In a post I did earlier this year, Why Black People get Free Stuff, I point out that it's for the same reason that white people do. I wrote:
In 2011, as a percent of the entire U.S. population, there were more blacks (35%) living in poverty than whites (13%); but by the number, there were far more whites (25,865,700) living in poverty than blacks. (12,876,400).
And when we look at people living in extreme poverty --- households making less than 50 percent of the poverty threshold --- of 20 million people who live at this alarming level, about 42 percent are white and 26 percent are black.
As of February 8, 2013, the latest data shows that 47.7 million Americans now rely on food stamps -- and 36% are white, while only 22% are black. Poverty has not just been a problem for minorities in urban neighborhoods (or those living in the rural areas of Southern states), but it is also beginning to devour what was a majority white middle-class in the suburbs as well." (See my post: Suburban Poverty off the Chart)
Since the birth of this nation, the African-American, Mexican and Chinese populations were just cheap labor for the white-dominated industrialists. But ever since President Lyndon B. Johnson's War on Poverty in 1964 (and most notably since the decline in manufacturing and unionization that began in 1979) now poverty, low wages, wealth inequality, income disparity and government entitlements have become a major issue for the white working-class as well.
Bud Meyers after first applying for food stamps in 2011
Excerpted from Tramps Like Them by Nicloas Confessore at the New York Times (February 2012): For some decades now, a popular conservative narrative of modern America has gone something like this: Our center-right nation, devout and industrious, is ruled by a politically liberal elite that disdains family, despises religion and celebrates indolence with government handouts. Many people found this story convincing. It helped fracture the postwar Democratic Party and mid-wifed the culture wars. Today it feeds the political frustrations of the Tea Party movement.
Charles Murray, the influential conservative scholar and provocateur, believes this story is wrong. In his book, Coming Apart., Murray flips the script that has energized Republican politics and campaigns since Richard Nixon: the white working class, he argues, is no longer part of a virtuous silent majority. Instead, beginning in the early 1960s, it has become increasingly alienated from what Murray calls “the founding virtues” of civic life. “Our nation is coming apart at the seams,” Murray warns — “not ethnic seams, but the seams of class.”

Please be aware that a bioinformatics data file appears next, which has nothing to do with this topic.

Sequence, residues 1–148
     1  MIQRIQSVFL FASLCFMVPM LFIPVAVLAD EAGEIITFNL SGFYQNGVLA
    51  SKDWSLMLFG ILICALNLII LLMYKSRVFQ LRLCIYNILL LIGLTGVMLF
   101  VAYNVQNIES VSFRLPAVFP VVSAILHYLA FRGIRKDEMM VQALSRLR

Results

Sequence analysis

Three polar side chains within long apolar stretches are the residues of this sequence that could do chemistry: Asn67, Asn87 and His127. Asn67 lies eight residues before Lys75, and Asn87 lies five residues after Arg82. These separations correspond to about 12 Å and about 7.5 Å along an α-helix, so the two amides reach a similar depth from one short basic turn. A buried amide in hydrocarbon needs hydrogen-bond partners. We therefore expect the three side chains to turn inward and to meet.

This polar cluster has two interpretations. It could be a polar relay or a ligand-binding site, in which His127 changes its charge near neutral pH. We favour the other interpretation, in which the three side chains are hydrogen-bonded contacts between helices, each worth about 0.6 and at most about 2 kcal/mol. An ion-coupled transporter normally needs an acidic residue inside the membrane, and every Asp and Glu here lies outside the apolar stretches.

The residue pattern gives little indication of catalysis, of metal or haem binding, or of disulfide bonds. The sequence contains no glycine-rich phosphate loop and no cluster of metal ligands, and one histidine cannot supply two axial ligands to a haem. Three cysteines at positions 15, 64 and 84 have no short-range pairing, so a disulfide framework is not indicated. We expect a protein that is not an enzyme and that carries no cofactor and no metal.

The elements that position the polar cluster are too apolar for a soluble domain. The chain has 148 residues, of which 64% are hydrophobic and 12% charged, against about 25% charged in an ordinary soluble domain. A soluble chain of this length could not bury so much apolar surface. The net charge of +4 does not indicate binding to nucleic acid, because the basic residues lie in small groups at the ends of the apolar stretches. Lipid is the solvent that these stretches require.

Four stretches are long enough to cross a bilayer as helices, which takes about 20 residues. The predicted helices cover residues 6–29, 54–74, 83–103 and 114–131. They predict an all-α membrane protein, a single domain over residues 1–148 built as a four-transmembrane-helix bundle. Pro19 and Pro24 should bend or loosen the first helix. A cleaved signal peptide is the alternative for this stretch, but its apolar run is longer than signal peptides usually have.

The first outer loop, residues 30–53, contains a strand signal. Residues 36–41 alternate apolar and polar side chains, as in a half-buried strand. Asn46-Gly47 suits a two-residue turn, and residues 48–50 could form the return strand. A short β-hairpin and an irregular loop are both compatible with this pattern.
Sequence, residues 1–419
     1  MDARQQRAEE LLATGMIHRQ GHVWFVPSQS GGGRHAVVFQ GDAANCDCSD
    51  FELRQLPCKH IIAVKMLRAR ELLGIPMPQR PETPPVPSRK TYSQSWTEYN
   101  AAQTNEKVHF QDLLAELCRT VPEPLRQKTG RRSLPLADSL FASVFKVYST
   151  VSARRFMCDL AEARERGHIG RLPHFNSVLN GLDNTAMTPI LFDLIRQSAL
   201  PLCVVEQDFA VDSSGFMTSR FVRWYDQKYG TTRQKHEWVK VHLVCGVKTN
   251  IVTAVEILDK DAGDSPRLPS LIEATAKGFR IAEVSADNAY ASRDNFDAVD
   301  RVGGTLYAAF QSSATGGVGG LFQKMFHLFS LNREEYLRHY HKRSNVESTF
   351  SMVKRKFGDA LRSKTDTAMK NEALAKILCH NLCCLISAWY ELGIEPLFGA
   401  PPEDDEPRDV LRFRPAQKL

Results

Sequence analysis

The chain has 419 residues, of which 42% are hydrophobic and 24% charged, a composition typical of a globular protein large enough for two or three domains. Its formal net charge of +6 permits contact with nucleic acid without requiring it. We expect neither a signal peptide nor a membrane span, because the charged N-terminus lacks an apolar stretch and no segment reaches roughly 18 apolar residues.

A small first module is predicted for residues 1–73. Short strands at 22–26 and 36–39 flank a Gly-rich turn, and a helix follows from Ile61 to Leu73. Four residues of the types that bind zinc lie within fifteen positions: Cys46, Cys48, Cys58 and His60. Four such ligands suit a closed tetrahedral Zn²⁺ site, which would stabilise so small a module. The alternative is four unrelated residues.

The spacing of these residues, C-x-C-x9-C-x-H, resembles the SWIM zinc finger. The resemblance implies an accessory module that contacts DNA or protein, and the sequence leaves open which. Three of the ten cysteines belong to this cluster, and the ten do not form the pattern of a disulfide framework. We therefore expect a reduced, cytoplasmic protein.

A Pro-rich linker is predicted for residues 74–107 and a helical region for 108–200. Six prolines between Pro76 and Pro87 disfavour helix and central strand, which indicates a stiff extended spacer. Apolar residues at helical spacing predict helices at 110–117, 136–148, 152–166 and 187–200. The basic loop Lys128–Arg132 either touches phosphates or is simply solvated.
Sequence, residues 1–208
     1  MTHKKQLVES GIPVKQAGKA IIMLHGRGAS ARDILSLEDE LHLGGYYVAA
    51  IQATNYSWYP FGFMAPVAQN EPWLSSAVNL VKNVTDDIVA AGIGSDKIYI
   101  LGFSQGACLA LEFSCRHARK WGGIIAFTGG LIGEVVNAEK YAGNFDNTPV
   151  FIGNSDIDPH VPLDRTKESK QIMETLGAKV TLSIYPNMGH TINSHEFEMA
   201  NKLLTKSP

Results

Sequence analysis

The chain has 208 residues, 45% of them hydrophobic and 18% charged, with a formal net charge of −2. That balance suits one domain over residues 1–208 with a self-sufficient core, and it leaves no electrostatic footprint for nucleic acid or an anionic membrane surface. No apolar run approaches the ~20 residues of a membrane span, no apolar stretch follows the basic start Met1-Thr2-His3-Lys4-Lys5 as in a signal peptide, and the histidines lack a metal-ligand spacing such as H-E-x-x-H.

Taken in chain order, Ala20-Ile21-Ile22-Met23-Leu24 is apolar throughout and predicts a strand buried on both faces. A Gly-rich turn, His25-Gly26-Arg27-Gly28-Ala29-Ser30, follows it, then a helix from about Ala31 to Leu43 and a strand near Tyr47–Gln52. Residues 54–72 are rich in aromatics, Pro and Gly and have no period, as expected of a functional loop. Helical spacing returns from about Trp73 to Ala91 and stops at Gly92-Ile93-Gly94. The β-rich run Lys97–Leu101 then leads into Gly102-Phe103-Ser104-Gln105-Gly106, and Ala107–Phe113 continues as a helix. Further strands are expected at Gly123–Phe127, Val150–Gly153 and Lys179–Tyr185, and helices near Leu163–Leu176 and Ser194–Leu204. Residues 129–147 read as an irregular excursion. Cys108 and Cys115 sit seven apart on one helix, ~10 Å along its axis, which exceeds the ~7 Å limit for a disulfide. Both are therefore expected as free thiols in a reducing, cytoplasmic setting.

Charles Murray and Richard Herrnstein, a psychology professor at Harvard, co-authored the 1994 book
Bell Curve. The Chicago Tribune summarized some of that book’s key findings:
"Intelligence will be the decisive dividing force of the 21st century, as smart people get the best educations and best jobs, earn the most money, marry each other, produce bright children and cluster together into a cognitive elite. Those with markedly below-average intelligence will be left in a growing underclass, likely to drop out of school and hold routine jobs or none at all. Their children will be born into inadequate, high-risk homes, often with single parents, and destined by their low IQ to remain stuck in poverty."
Excerpted from What to Do About ‘Coming Apart’ by Thomas B. Edsall at the New York Times in February 2012: In 2005 Charles Murray previewed what would come to be the central preoccupation of his book Coming Apart. "When the late Richard Herrnstein and I published The Bell Curve eleven years ago, the furor over its discussion of ethnic differences in IQ was so intense that most people who have not read the book still think it was about race." (It was about class.)
Murray’s concern about the “white underclass” was evident as long ago as 1986, when he published White Welfare, White Families, White Trash in the National Review. The Washington Post summarized Murray’s concerns that year:
"Just when we are starting to come to grips with the special problems of the black underclass; just when middle-class blacks especially are groping for explanations and remedies for the special problems, along comes Charles Murray to tell us that the problems are neither all that special nor all that black. The problem, he says, is not race but class. And though it affects blacks disproportionately, it is affecting whites at a growing rate. For instance, the illegitimacy rate among American whites today is roughly what it was among blacks 20 years ago."Murray contends in Coming Apart that there was far greater social cohesion across class lines 50 years ago because the powerful norms of social and economic behavior in 1960 swept virtually everyone into their embrace.
From a January 21 op-ed in the Wall Street Journal The New American Divide he writes, "Over the past 50 years, that common civic culture has unraveled. We have developed a new upper class with advanced educations, often obtained at elite schools, sharing tastes and preferences that set them apart from mainstream America. At the same time, we have developed a new lower class, characterized not by poverty but by withdrawal from America’s core cultural institutions."
According to Murray, higher education has now become a proxy for higher IQ, as elite colleges become sorting mechanisms for finding, training and introducing to each other the most intellectually gifted young people. Fifty years into the education revolution, members of this elite are likely to be themselves the offspring of cognitively gifted parents, and to ultimately bear cognitively gifted children.